Abnormal parietal cortex activation during working memory in schizophrenia: verbal phonological coding disturbances versus domain-general executive dysfunction

Deanna M Barch, John G Csernansky
American Journal of Psychiatry 2007, 164 (7): 1090-8

OBJECTIVE: The goal of this study was to determine whether the regions of the prefrontal and parietal cortices showing abnormal activation among individuals with schizophrenia during working memory tasks are associated with either 1) phonological coding processes that may be specific to verbal tasks (i.e., ventral prefrontal and parietal cortices) or 2) domain-general executive processes engaged by verbal and nonverbal tasks (i.e., dorsal prefrontal and parietal cortices).

METHOD: The participants were 57 medicated individuals with schizophrenia and 120 healthy subjects. Functional magnetic resonance imaging was used to scan all participants during performance of verbal and nonverbal 2-back working memory tasks.

RESULTS: In the healthy subjects there was similar bilateral dorsal prefrontal and inferior parietal cortex activation for both the verbal and nonverbal working memory tasks, but greater left ventral prefrontal and parietal cortex activation during verbal compared to nonverbal working memory. Individuals with schizophrenia showed bilateral deficits in dorsal frontal and parietal activation during both verbal and nonverbal working memory tasks. They also demonstrated the typical pattern of greater activity for verbal, as compared to nonverbal, working memory in ventral prefrontal and parietal regions, although they showed less verbal superiority in a left ventral prefrontal region.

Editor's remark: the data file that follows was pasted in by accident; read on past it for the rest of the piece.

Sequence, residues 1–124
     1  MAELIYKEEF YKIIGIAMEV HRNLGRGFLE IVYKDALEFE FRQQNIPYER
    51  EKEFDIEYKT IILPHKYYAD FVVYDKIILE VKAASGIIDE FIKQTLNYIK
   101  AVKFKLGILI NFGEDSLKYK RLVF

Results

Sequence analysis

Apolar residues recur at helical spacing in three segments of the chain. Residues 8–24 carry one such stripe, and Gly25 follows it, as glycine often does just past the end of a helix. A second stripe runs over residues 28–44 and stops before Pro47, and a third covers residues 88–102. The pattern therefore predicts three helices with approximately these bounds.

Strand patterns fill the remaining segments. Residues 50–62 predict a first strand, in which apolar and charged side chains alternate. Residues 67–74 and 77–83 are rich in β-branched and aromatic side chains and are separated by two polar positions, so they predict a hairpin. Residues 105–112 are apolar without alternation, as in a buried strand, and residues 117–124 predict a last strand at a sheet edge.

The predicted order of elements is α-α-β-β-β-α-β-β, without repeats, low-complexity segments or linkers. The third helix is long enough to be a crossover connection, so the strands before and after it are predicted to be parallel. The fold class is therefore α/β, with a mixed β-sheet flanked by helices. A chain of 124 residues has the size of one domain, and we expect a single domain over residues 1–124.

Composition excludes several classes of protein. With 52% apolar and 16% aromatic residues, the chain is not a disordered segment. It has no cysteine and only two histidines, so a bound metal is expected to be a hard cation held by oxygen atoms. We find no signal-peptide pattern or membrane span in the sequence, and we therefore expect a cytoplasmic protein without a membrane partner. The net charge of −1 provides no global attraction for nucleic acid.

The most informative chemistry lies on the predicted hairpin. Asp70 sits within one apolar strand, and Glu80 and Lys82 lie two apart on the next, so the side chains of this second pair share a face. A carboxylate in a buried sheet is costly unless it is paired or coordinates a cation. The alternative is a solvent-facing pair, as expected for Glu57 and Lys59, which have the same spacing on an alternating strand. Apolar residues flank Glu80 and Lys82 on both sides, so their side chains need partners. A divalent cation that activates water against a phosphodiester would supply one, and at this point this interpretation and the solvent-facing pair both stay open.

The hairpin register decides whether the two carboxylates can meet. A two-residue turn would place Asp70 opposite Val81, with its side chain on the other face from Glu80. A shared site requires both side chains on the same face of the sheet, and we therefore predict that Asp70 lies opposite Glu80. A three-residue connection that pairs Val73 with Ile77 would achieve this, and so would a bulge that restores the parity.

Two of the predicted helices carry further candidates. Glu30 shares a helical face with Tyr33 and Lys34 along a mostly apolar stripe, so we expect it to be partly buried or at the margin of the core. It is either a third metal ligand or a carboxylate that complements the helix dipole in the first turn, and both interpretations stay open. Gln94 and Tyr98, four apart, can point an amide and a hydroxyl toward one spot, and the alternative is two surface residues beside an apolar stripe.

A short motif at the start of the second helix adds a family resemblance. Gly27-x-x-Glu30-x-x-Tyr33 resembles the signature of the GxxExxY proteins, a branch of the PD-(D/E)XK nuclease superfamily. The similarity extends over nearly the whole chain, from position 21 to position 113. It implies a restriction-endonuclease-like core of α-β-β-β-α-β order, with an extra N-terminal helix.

CONCLUSIONS: These results support the hypothesis that working memory deficits in individuals with schizophrenia reflect deficits in activation of brain regions associated with the central executive components of working memory rather than domain-specific storage buffers.

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